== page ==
The opening of the 1960s television show Star Trek which followed the voyages of the Starship Enterprise explained that its crew’s mission was “to boldly go where no man has gone before.” For firms the mission can be quite different as they often have to go where others have already gone. Unless a firm is the first to enter a market, it will face one or more incumbents upon entry. In such cases, how should a firm decide whether and where to enter? A look at how this worked out in the case of Uber and Didi Kuaidi in China’s competitive taxi hailing app market.
Cheng Wei, founder and CEO of Didi Dache, on how the combined entity of Didi Dache and Kuaidi Dache will evolve into a full-service transportation platform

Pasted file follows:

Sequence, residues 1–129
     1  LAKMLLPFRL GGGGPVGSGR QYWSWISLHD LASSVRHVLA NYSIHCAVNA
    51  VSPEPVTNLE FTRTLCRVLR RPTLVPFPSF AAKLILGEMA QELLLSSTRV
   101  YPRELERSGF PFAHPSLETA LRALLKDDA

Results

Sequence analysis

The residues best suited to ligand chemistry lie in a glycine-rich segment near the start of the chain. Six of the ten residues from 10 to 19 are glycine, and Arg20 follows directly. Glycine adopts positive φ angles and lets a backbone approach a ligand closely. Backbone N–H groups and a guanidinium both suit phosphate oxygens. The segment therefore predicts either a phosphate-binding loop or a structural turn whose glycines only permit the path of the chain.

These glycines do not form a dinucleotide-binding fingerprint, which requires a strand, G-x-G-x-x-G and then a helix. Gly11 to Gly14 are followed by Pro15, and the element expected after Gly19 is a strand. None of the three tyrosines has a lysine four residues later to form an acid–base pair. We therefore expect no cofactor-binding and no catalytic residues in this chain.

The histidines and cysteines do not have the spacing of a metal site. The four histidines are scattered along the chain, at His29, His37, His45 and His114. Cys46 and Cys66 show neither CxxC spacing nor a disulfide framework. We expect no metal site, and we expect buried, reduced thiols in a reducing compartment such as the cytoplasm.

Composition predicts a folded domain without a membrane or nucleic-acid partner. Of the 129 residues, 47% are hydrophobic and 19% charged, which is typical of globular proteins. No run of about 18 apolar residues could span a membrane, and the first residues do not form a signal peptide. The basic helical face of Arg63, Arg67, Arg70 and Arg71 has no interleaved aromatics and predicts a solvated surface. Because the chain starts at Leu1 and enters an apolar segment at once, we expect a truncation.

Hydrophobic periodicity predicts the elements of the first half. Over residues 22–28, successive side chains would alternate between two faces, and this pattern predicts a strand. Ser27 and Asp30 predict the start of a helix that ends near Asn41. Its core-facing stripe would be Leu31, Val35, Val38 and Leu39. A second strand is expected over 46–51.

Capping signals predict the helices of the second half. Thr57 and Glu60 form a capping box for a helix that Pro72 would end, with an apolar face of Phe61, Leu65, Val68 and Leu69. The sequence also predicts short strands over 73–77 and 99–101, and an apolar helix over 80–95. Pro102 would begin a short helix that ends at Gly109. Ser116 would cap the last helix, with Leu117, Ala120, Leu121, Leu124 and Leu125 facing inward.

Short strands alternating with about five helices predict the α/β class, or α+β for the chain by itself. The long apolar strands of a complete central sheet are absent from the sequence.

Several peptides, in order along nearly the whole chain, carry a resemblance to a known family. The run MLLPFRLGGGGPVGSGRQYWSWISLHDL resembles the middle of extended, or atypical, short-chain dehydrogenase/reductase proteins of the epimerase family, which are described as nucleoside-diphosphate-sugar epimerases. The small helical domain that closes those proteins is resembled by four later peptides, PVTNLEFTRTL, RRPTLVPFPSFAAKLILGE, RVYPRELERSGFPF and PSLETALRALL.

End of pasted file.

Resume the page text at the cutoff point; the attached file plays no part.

The price you are able to command for your services doesn’t just depend on how much customer value you create.
This week, Lei Jun triggered memories of Steve Jobs at the launch of the new Xiaomi Note where he also discussed the company’s future; taxi-hailing app Kuaidi Dache got a fresh cash infusion; and the eternal question made a comeback: does China need more stimulus?
Tencent launched China’s first private bank, local governments vowed to crack down on ride-hailing apps, and with China set to miss its growth targets, it is being speculated that the much needed economic rebalancing has finally kicked in.
A look at China’s fast-changing market taxi app market, and how the two big rivals, Tencent-backed Didi Dache and Alibaba-backed Kuaidi Dache, are burning cash to outdo each other.
Uber has plunged headlong into China’s immensely complex and hypercompetitive transportation and taxi app market. Can it win?